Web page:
from then stop it department
I really wasn’t going to write anything about the latest Spotify/Joe Rogan/Neil Young stuff. We have published older case studies on content moderation issues regarding Rogan and Spotify and we should have a guest article coming up exploring some angle of the Rogan/Young debate we’re working on.
However, as it now comes up several times, I wanted to address a point and make a small explanatory article: Spotify’s decisions regarding Rogan (and Young and others) have absolutely nothing to do with article 230. At all.
Now, we can blame Spotify a bit for people who think that’s the case, because (for reasons I don’t understand, and why its lawyers and PR people should be replaced) Spotify has try make it a “content moderation” issue. A few hours after Spotify’s internal “content policy” leakedthe company published a blog post officially publish the policy… which had already leaked.
And, when you say ‘content policy’, it sounds like the same old debates we’ve had about content moderation, trust and safety and ‘user-generated content’ websites and so on. . But the decision of keep Rogan on the platform has absolutely nothing to do with article 230. The only problem for article 230 here is if Rogan did something that created an underlying cause of action – like defamation – then, there could be a Section 230 issue if the defamed person chose to sue Spotify. Spotify could then use Section 230 to be removed from the lawsuit, although the plaintiff could still sue Rogan. (If you want an analogous case, years ago AOL was sued for something Matt Drudge wrote – after AOL cleared the Drudge report to distribute to AOL users – and the court said Declare that Section 230 AOL Protected of a trial – Drudge himself did not think).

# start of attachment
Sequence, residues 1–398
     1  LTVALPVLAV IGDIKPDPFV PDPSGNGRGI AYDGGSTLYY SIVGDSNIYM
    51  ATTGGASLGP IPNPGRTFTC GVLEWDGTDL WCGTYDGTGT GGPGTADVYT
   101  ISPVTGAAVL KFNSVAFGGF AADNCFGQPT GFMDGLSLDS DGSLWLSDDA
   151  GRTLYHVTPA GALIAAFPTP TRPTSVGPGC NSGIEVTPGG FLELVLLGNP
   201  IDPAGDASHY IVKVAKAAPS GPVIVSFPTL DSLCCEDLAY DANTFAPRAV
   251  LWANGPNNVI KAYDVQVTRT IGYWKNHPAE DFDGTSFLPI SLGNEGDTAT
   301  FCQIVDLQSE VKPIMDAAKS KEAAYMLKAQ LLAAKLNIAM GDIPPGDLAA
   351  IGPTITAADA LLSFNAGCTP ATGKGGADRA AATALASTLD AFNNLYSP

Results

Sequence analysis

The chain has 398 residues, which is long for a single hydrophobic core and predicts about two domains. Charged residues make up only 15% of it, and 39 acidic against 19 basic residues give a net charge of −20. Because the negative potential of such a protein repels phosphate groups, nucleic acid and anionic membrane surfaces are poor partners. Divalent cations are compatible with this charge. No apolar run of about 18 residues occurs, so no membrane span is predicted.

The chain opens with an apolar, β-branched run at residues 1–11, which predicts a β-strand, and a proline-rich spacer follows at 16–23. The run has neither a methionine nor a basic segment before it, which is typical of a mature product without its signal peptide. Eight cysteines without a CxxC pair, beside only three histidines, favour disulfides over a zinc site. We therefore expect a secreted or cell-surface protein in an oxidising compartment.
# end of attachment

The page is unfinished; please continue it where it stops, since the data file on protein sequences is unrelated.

The fact is, no one (that I can find at least) here is alleging an actual underlying cause of action against Rogan. They simply argue that somehow Section 230 is to blame for Spotify’s decision to keep Rogan on their platform.
But the question of Spotify’s decision whether or not to keep Rogan has nothing to do with Section 230. Spotify has every right to decide whether or not to keep Rogan the same way a book publisher decides whether to publish or not someone’s book. And that right is protected by the 1st Amendment. If someone sued Spotify for “hosting Joe Rogan”, Spotify would easily win, not using Section 230, but for not stating an actual claim, backed by Spotify’s 1st Amendment right to work with content providers of their choice (and not work with those they don’t).
Unfortunately, Spotify founder Daniel Ek made things even dumber yesterday by get out of the mythical and totally non-existent “platform/publisher” divide:
At the employee town hall, Ek and content and publicity manager Dawn Ostroff repeatedly used the phrase “if we were a publisher.” which very strongly implies that we are not a publisher, so we have no editorial responsibility? for the Rogan show, said a second Spotify employee who listened to the remarks? and who, like some Spotify employees listening in, found the executives? position “a dubious assertion at best.”